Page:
First Person

Time to prep for a new school year

school busOnly a few short weeks of summer left to enjoy. Is it too early to begin thinking about the beginning of a new school year? Your child might think so, but experts disagree. Now’s a great time to begin prepping.

We posed this question to several of our experts and here’s what they suggested:

School supply displays are up

  • Parents might want to start buying school supplies. Many stores have a school supply list in their area.
  • Another idea is to start putting children to bed a few minutes earlier each night or read with them before going to bed.
  • Ask children what they want to learn at school this year. What are their feelings about returning to school?
  • Lincoln Elementary in Denver has some great websites for students. For preschoolers through second-graders, see For third- through fifth-graders, check out

– Rosalie Gomez

Start to review and imagine a new grade

  • If your child is going into fourth grade, review the third grade concepts for math. What a nice feeling for any kiddo to go in remembering math vocabulary and math concepts. You might do this by playing math games in the car,  or having your child be the shopper with a bit of money incentive.
  • This same concept can be applied to writing and reading, of course, but I think starting with the concepts from a review standpoint is always nice. Then your child goes into the new year feeling so strong.
  • If there was a summer reading list, hopefully that has been tackled and discussed. Remember, you don’t have to like it.  That’s even more fun. “I didn’t like that character. Is that OK?”  What a fun, non-traditional parent comment. Those unexpected comments can free up your child to be authentic.
  • I’d ask what might be the biggest challenge, e.g. What if I can’t figure out my locker, where or when to use the bathroom, what is going to be the best part of the year, Jake is going to be in my class, I can walk and don’t have to take the bus, etc.  These are all good talking points and will give the parental units a “heads up.”

– Suzanne Lustie

Celebrate the pending summer’s end

  • Have an ‘end of summer’ celebration to mark transition.
  • Reconnect with school friends.
  • Correct any ‘drift’ that may have occurred in schedule (i.e., staying up later, watching more TV) to avoid drastic changes when school starts.

– Kevin Everhart

Examine summer routines that don’t fit with school

Things I generally talk to parents about (and sometimes kids), include:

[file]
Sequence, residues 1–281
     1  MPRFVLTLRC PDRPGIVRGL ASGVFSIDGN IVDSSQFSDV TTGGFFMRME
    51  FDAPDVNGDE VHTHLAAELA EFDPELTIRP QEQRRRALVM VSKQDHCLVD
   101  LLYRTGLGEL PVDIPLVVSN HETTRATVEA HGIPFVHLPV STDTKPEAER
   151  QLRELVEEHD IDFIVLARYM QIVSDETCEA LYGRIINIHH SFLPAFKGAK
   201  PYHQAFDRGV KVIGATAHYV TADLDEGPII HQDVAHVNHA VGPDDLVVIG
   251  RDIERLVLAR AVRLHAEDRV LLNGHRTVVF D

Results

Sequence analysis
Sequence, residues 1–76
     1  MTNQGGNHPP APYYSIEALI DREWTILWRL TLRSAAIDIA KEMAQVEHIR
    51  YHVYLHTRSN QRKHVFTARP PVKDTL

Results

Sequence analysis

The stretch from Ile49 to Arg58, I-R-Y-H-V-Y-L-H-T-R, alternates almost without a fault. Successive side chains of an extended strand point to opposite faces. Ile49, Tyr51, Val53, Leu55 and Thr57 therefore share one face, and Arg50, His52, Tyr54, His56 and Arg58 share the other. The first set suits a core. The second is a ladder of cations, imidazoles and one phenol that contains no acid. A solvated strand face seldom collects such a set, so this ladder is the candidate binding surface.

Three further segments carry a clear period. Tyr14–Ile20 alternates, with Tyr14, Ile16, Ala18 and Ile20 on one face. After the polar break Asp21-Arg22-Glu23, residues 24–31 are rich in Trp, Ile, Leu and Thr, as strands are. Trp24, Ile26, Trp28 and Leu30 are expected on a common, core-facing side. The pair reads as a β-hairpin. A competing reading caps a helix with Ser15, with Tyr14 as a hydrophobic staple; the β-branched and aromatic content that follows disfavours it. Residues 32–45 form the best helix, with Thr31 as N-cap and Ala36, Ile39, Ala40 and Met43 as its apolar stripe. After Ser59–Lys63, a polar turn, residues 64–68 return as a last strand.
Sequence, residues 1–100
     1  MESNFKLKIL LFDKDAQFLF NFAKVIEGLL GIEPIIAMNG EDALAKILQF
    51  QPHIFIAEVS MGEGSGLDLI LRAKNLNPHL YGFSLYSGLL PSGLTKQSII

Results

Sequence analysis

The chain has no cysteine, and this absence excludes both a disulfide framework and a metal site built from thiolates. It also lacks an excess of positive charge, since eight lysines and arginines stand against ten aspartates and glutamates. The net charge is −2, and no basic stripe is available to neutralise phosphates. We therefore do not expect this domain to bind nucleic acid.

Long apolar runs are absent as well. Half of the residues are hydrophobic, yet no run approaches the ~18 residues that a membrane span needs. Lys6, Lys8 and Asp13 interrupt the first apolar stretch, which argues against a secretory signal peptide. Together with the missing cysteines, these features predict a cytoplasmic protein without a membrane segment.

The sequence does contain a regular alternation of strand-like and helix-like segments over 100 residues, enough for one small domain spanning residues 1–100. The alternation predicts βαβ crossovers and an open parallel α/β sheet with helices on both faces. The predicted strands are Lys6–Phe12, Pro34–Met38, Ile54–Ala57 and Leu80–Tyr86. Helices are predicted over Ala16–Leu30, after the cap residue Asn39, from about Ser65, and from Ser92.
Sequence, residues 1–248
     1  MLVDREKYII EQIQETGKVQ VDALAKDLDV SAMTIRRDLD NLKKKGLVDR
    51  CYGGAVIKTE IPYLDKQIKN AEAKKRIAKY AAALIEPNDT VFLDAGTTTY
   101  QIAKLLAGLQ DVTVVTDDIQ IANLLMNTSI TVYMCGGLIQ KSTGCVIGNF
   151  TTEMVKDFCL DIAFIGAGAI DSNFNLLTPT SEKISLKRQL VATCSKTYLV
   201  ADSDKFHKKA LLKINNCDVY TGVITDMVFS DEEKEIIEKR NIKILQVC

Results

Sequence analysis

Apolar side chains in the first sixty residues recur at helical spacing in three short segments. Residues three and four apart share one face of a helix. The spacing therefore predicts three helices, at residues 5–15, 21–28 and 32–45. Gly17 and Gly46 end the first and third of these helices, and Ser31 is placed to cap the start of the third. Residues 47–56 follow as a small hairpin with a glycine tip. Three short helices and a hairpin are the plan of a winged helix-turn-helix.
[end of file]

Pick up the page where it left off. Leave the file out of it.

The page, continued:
• Leaving about a two-week cushion to start transitioning back to a “school” bed time.
  • Waking up a bit earlier and going to bed earlier every day.
  • I also emphasize the importance of communicating with the school as far ahead of time as possible regarding any necessary academic supports the child may need.
  • If the child has a history of anxiety with school, I tell parents to start talking to their kids about their feelings regarding school to help them prepare for feeling more stressed again. Taking that step can decrease the “shock” of starting school again.
  • If the child is younger, I have the parents check to see if the school has an orientation or tour they can take with the child. That way, your son or daughter can meet the child’s teacher, principal and other staff as soon as possible.
  • Talk to your child about what he or she expects with the start of another school year and what the expectations will be of him or her, both behaviorally and academically.
  • Consider offering rewards for good academic performance, such as increases in allowance or family time.

– Steve Sarche

Tips for parents of younger children

  • Take you child school supply shopping, write out a list, give them a basket at the store  and begin sending the message that they have ownership over the process. Buy some extra supplies for them to have at home.
  • Create a work/art space in your home where your child can access learning tools like pencils, crayons, colored pencils, paper, envelopes etc.  (We use tool boxes from the hardware store so it’s mobile).
  • A week before school begins begin slowing down summer activities and create some routines and rituals for bedtime and wake-up.
  • Buy an alarm clock and teach your children how to set it and wake themselves.
  • For young children with separation issues, talk  through with them how the transition will go : “When we go to school I am going to give you a hug and a kiss and then I will say goodbye.” Keep it simple and let your child know that you believe in his or her ability to make the separation.

– Laura Barr

Practice new routines now

  • Try introducing some new responsibilities that you want your children to take on once school begins. For example, I have having my son  practice making his lunch now so that he will will feel confident once school begins, and be encouraged to eat what he packs.